Van Hove’s Misanthrope: An Orgy of Garbage and Junk Food

heilpern misanthrope2h Van Hove’s Misanthrope: An Orgy of Garbage and Junk FoodThe acclaimed avant-garde director Ivo van Hove has come up with an unusual attempt to invigorate Molière’s 17th-century masterpiece The Misanthrope: He’s thrown garbage at it.

The garbage scene comes when the furious antihero Alceste—a man who looks back in anger at everything—is having another explosive quarrel with the object of his obsessive desire, tarty, 20-year-old Célimène. (It’s one of the play’s great jokes that Alceste believes in absolute truth and falls for someone who never tells it.) Mr. van Hove has the two battling protagonists continue to argue as they storm up the aisle of the theater and out onto the street, followed by a video camera.

The action is simulcast on a screen that dominates the ultra-modern stage set. It’s Candid Camera meets The Misanthrope. The argument between Alceste and Célimène continued on East Fourth Street; bemused passers-by strolled over to watch them fighting in Molière’s verse. They didn’t seem to think it unusual.

It was fun, anyway. But when Alceste impetuously grabbed some plastic bags of garbage off the street and headed back into the theater, we thought, “Uh-oh. Here he goes again.”

He’d already had a gross-out food fight earlier in the evening when he nose-dived into the buffet table at a swish dinner party. The dinner was attended by Célimène and various Voguette socialites yammering on their cellphones—the contemporary stand-ins for Molière’s shallow Parisian society.

When Alceste goes on to dump the bags of garbage all over the set and dive into that, too, it’s nothing compared to the food fight when he wrecked the joint and stood triumphantly on the table to slather himself with whipped cream, pizza and chocolate syrup—finishing it all off by smashing a watermelon over his head and pouring ketchup down his pants accompanied by a weenie without a bun.

It all seemed excitingly new to the young, delighted audience at the New York Theatre Workshop—and it was new to Molière—but as they say in Paris, France, plus ça change, plus c’est la même shows.

Mr. van Hove’s orgies of garbage and junk food were known as improvised Happenings in 1960’s theater. Happenings were usually accompanied by naked group sex, time permitting. Not here, alas—though Alceste (the outstanding, and heroic, Bill Camp) and Célimène (the outstandingly energetic Jeanine Serralles) simulate carnal desire as they skitter across the floor locked together like two scorpions in the desert.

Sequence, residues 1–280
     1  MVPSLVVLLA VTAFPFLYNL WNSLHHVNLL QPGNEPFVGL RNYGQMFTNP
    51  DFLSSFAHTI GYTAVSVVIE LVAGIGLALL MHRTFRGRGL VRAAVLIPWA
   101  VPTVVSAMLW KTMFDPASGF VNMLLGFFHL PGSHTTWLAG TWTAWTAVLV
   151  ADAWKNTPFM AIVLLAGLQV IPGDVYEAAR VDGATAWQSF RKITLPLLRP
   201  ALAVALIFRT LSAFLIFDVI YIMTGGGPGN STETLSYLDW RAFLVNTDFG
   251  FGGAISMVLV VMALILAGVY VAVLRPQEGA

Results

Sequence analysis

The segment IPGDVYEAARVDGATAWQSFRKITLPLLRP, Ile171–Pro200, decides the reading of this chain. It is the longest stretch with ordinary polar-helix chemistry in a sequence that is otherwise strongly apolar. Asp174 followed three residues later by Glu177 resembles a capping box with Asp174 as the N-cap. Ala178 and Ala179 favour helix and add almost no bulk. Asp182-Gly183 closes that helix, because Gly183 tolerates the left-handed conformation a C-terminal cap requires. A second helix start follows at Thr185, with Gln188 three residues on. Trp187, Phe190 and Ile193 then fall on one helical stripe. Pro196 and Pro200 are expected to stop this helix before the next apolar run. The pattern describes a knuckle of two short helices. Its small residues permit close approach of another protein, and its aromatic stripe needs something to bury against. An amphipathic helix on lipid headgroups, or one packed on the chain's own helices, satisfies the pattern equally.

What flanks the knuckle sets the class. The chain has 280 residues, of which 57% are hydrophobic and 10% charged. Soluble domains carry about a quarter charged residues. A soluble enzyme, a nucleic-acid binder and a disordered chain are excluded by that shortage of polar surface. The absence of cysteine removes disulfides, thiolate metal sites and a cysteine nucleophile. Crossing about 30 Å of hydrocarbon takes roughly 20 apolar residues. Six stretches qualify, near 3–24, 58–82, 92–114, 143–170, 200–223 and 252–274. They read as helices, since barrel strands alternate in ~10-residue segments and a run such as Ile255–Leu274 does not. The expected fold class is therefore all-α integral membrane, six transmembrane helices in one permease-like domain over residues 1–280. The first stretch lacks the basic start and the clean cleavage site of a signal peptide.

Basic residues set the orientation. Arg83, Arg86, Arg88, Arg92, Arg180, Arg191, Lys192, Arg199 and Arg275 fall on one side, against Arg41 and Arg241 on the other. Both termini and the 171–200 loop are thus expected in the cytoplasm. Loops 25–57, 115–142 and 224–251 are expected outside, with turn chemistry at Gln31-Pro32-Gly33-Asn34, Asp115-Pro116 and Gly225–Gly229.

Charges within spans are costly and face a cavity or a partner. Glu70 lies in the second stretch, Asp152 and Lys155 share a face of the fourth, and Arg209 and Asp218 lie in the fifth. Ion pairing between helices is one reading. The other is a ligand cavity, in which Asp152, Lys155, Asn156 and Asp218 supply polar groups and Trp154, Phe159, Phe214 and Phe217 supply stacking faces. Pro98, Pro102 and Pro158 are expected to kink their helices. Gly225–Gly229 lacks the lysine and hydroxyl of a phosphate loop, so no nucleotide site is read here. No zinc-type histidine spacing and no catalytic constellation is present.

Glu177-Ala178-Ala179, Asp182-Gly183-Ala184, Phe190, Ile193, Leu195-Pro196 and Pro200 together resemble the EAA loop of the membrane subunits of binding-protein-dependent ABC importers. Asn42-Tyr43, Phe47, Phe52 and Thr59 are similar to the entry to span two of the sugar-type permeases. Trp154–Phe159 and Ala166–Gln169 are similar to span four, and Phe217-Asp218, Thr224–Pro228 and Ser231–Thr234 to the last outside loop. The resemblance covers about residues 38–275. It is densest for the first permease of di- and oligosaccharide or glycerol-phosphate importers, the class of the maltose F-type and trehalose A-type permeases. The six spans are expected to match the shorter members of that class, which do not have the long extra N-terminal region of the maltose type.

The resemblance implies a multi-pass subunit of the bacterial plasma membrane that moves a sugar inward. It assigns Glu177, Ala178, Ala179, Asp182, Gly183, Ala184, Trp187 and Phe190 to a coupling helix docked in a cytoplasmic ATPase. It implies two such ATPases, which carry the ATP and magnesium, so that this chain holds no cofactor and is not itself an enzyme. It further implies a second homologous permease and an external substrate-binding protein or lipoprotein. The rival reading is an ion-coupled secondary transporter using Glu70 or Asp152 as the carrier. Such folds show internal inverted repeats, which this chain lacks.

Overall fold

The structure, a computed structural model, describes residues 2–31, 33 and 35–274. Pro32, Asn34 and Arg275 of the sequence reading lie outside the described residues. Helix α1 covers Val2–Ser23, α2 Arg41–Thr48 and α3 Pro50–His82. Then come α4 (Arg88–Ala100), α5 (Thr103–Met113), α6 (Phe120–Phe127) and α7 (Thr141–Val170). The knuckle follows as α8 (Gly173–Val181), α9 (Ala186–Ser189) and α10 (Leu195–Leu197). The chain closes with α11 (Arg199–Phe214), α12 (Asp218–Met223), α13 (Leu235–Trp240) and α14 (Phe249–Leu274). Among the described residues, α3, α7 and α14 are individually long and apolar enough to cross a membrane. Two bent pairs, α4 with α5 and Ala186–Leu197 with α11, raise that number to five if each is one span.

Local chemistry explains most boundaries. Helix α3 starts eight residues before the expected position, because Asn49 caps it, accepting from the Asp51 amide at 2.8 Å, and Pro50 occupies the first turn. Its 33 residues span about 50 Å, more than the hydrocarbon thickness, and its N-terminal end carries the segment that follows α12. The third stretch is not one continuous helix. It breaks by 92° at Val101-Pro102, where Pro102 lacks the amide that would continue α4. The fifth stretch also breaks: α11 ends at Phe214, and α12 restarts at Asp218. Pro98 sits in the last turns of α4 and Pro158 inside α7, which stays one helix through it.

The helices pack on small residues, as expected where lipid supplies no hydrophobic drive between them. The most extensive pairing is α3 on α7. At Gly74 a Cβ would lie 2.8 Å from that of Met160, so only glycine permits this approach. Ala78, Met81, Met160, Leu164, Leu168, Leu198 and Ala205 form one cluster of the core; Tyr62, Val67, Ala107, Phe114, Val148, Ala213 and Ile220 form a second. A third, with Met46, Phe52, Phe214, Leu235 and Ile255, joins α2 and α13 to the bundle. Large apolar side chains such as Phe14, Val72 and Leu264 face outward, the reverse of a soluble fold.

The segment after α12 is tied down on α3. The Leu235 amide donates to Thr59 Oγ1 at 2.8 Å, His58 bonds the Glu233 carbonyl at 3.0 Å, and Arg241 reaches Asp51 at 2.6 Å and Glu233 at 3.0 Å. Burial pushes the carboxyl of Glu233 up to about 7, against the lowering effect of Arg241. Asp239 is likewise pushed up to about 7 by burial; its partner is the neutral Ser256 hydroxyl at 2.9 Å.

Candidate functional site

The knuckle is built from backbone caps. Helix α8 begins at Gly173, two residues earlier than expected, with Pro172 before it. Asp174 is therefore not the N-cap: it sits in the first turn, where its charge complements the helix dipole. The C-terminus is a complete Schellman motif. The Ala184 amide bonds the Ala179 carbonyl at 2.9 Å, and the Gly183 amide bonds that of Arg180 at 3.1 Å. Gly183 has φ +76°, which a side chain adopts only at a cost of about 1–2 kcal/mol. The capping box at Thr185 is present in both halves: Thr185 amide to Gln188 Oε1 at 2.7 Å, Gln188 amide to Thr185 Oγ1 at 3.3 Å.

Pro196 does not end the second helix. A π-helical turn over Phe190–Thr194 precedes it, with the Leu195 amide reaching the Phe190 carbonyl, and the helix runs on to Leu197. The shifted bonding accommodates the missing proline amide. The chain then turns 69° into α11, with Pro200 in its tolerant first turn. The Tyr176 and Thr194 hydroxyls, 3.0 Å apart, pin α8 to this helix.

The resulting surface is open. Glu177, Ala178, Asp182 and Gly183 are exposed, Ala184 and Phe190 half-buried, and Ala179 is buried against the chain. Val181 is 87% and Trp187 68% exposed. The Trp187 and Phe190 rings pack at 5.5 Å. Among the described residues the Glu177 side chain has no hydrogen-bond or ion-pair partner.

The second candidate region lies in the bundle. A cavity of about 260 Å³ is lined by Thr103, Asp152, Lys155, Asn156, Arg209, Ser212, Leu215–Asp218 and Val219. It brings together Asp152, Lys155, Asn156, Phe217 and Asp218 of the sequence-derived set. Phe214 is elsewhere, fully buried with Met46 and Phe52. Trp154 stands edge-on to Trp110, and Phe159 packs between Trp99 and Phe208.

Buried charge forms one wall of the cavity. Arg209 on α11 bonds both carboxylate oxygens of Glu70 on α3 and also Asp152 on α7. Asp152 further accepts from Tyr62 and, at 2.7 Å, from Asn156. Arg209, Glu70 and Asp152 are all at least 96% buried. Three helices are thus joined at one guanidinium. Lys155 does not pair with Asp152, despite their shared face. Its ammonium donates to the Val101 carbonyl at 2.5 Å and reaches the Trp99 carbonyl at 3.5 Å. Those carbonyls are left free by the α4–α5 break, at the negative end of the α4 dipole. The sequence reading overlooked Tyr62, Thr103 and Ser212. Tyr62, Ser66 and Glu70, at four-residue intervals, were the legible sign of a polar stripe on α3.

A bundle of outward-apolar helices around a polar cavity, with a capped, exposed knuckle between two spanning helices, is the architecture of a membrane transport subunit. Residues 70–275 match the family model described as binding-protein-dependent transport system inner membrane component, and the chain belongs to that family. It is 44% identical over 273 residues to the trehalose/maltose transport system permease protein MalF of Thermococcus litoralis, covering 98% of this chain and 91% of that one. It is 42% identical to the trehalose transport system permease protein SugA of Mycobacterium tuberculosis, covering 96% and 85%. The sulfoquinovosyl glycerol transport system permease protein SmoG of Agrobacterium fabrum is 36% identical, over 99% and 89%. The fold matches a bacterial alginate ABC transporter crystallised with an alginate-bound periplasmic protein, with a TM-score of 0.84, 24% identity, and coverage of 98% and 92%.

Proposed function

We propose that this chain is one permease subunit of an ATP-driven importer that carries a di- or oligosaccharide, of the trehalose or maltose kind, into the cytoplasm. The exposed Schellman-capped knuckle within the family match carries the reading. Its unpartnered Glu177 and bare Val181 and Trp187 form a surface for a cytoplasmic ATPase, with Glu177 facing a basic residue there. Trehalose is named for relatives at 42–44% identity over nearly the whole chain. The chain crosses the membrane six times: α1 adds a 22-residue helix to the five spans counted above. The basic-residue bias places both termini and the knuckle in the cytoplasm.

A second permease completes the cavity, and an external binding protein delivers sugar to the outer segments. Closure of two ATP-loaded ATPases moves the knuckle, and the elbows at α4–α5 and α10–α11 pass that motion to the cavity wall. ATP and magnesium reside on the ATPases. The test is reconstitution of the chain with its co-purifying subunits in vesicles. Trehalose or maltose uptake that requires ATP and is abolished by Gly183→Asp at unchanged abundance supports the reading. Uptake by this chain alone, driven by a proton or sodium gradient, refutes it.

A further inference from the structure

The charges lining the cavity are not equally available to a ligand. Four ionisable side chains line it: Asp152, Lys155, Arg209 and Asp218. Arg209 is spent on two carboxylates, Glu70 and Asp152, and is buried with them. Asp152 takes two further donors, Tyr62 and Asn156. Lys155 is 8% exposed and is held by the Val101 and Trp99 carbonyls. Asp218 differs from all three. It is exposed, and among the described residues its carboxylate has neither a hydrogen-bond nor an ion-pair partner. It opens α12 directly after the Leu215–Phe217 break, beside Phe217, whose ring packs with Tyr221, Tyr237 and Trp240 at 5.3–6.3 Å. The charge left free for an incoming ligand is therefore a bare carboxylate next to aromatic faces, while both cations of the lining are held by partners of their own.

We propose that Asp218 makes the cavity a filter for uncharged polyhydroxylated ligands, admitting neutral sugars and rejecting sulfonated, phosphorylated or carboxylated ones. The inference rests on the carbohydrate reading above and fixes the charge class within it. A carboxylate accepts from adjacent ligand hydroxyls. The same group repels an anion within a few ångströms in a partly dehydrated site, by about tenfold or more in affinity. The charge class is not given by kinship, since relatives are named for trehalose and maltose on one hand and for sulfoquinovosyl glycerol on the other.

“There’s no escape,” goes Tony Harrison’s interpolated line in his translation of the play. “These are the antics of ‘The Naked Ape.’” The reference to Desmond Morris’ 1967 work of pop sociobiology, The Naked Ape, dates the script (and the Happenings). There’s no nuance in the production, and little enough poetry. The Flemish director never understates anything he does. As is the von Hove style, his actors are encouraged to SHOUT LIKE THIS TO REVEAL PASSION OR CHAGRIN.

The thing about the von Hove garbage, though, is that it’s clean garbage. It should smell, it should stink up the theater. But it’s sanitized, like this apparently outrageous production.

There are reminders here of the director’s Hedda Gabler (2004), his previous deconstructionist outing at the Workshop. His thoroughly modern Hedda lounged about her chic downtown loft in her knickers, and horny Judge Brack dribbled a can of V-8 juice over her body. It’s still remembered by some admirers who hailed the production and its erotic symbolism.

That Ibsen’s Hedda Gabler is about sexual and social repression wasn’t news—just as it’s no secret that The Misanthrope is centrally about hypocrisy and one man’s farcically uncompromising honest heart. But sex isn’t what Hedda wants; it’s ownership. And The Misanthrope isn’t about grossness; Molière’s misanthropic hero can’t be defined by the sensationalism of a disgusting food fight and a wallow in garbage.

The director is saying, I guess, that Alceste thinks life itself is like, well, garbage. It’s a simplistic interpretation, to say the least. Where’s Molière in all this?

I think he left.

Look at what Molière wrote. Here’s Alceste’s diplomatic friend, Philinte, making a case for pragmatic tolerance: “But in society (if we belong that is)/ we must conform to the civilities.”